[Sabin Archivist’s Note: This week features the first blog post from Richard Sookoor, the Sabin Project student assistant. Richard is pursuing his Bachelor of Science degree in neurobiology from the McMicken College of Arts and Sciences here at the University of Cincinnati. He will be blogging on different Sabin-related topics as we work on the project. Please give Richard a warm welcome to the blogging world by reading his posts! -SB]
A typical opinion when speaking of scientists is that they are mostly entrenched in their work, sometimes unmindful of the world around them. However, for many scientists, their view of the world influences their research and scientific endeavors. Dr. Sabin proves to be a good example. Having been deployed to numerous conflict areas by the US Army Medical Corps during World War II, Dr. Sabin was well aware of the impact and outcomes of great wars. His experiences in these areas led him to pursue research focusing on dengue fever , Japanese B encephalitis , and sandfly fever  even after the completion of his military duty.
Though despite his medical endeavors, Dr. Sabin took great notice of political and worldly issues. It wouldn’t be unwise to assume this shaped his opinions on war and international affairs for the rest of his life. In response to a question asked by Ivan Klebanow in 1960, Dr. Sabin speaks openly about “what most concerns or worries [him].” 
While he admits he is most concerned about his work, he professes that what worries him most is the outbreak of another great war. From 1950 to 1960, Dr. Sabin had traveled extensively throughout Europe and the USSR to speak at various conferences and events, as well as conduct minor research . During this time, he witnessed the various threats issued by the USSR towards the United States and vice versa, as well as the ever expanding involvement of US military policy into foreign nations. For example, a week prior to Dr. Sabin’s response letter, the US had deployed 3,500 troops to Vietnam, further fueling the escalating crisis there and pushing the country towards the brink of war. With the Cold War looming, nationalism and anti-Soviet emotion were stronger than ever.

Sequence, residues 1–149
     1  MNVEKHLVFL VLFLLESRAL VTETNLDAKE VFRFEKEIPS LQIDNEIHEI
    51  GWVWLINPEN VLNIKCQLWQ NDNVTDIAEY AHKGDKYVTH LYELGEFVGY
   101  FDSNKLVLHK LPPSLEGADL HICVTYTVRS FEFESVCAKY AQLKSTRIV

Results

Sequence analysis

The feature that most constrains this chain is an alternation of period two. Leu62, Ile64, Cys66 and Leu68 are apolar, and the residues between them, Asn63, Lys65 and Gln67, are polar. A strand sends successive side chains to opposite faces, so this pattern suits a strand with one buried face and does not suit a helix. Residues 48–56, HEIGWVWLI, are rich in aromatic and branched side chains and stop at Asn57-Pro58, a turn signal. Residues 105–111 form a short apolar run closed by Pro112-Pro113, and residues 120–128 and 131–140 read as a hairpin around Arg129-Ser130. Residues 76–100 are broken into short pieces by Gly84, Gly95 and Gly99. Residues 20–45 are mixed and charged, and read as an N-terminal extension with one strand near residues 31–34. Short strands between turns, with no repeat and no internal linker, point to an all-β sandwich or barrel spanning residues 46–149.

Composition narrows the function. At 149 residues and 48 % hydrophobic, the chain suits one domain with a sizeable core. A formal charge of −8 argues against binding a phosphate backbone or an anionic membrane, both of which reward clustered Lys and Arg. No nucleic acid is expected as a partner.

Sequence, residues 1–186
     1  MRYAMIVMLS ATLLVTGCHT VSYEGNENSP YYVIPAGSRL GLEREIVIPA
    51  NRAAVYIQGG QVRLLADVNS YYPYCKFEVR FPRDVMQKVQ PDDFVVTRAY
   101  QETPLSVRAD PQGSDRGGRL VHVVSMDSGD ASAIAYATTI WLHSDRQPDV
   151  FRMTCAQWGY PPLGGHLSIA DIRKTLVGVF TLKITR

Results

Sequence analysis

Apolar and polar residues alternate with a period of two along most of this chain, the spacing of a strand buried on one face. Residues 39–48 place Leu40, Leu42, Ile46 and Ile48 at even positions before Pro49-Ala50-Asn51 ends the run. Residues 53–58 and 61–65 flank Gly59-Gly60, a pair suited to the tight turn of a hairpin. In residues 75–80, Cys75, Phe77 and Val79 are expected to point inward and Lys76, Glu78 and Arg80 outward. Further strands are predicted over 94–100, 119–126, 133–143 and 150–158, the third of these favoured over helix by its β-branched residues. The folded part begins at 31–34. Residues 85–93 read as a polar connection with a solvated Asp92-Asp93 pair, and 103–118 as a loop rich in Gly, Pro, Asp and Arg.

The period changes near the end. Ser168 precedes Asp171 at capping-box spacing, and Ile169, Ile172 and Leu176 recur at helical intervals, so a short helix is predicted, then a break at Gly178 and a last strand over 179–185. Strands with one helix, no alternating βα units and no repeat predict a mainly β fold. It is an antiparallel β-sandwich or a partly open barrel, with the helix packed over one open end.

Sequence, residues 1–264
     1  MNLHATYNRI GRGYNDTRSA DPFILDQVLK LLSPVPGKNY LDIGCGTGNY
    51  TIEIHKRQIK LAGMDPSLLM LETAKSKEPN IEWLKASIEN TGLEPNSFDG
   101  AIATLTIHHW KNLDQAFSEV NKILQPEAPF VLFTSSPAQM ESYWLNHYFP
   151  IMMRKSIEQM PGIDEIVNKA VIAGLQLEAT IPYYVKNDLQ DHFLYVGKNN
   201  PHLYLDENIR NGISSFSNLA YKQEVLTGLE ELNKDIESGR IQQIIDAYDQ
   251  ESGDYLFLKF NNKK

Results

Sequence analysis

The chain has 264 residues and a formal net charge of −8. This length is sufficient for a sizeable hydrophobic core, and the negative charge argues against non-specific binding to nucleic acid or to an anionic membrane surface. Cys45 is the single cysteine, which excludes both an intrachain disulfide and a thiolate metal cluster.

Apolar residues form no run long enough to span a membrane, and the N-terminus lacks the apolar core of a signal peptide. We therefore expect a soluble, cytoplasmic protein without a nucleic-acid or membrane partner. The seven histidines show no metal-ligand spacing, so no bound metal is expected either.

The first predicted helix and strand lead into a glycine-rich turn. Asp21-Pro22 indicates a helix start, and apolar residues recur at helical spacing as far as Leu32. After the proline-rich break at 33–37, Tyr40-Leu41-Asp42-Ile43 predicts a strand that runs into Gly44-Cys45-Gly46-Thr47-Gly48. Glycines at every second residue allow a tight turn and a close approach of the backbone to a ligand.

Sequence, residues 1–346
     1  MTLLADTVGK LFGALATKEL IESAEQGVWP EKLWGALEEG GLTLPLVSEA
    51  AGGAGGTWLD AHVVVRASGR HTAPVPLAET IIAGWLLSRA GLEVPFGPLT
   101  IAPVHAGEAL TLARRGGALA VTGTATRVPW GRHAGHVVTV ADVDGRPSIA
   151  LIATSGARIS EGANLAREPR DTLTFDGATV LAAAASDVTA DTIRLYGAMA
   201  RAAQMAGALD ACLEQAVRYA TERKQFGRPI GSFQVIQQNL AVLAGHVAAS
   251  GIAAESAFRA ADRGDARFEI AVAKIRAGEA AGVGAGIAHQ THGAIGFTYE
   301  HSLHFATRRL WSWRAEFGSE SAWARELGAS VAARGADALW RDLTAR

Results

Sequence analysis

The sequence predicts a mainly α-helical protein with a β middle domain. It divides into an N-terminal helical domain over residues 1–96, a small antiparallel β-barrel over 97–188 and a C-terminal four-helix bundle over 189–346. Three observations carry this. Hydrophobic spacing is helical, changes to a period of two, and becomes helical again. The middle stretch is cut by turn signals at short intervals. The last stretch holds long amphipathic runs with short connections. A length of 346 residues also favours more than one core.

Dr. Sabin, in his rather candid response, explains the issues that helped escalate towards the oncoming conflict and suggests a general resolution. He even goes so far as to state that the US should be the first to renounce their threats and propose nuclear disarmament. Whether that was a common or popular sentiment at the time is debatable, but what is certain is that it was fairly uncommon for someone of such stature to openly show contempt for the (then) current state of affairs, much less suggest their country stand down in the face of nuclear annihilation. And while Dr. Sabin continued on with his research, the world around him would continue down the path to a war no one wanted.
It’s interesting that Dr. Sabin took the time to answer this question. The original letter is handwritten and (almost) personally addressed to Mr. Klebanow. Being as submerged in his research as he was at the time, when given the chance to speak his mind, Dr. Sabin displayed his sincerity as an advocate of world peace.
 Archive of Dengue Fever Research by Albert B. Sabin, 1944-1955. Found in Military service, Sub-series Dengue.
 Archive of Japanese B Encephalitis Research by Albert B. Sabin, 1946-1970. Found in Military service, Sub-series Japanese B Encephalitis.
 Archive of Sandfly Fever Research by Albert B. Sabin, 1943-1959. Found in Military service, Sub-series Sandfly Fever.
 Letter from Albert B. Sabin to Ivan Klebanow, 18 March 1960. Found in Manuscripts, Box 28, Folder 14 – “What most concerns or worries you?” response to Ivan Klebanow, 1960
 Record of Travel by Albert B. Sabin, 1949-1992. Found in Professional and Personal Engagements, Sub-series Travel.
In 2010, the University of Cincinnati Libraries received a $314,258 grant from the National Endowment for the Humanities (NEH) to digitize the correspondence and photographs of Dr. Albert B. Sabin. This digitization project has been designated a NEH “We the People” project, an initiative to encourage and strengthen the teaching, study, and understanding of American history and culture through the support of projects that explore significant events and themes in our nation’s history and culture and that advance knowledge of the principles that define America. Any views, findings, conclusions, or recommendations expressed in this blog do not necessarily reflect those of the National Endowment for the Humanities.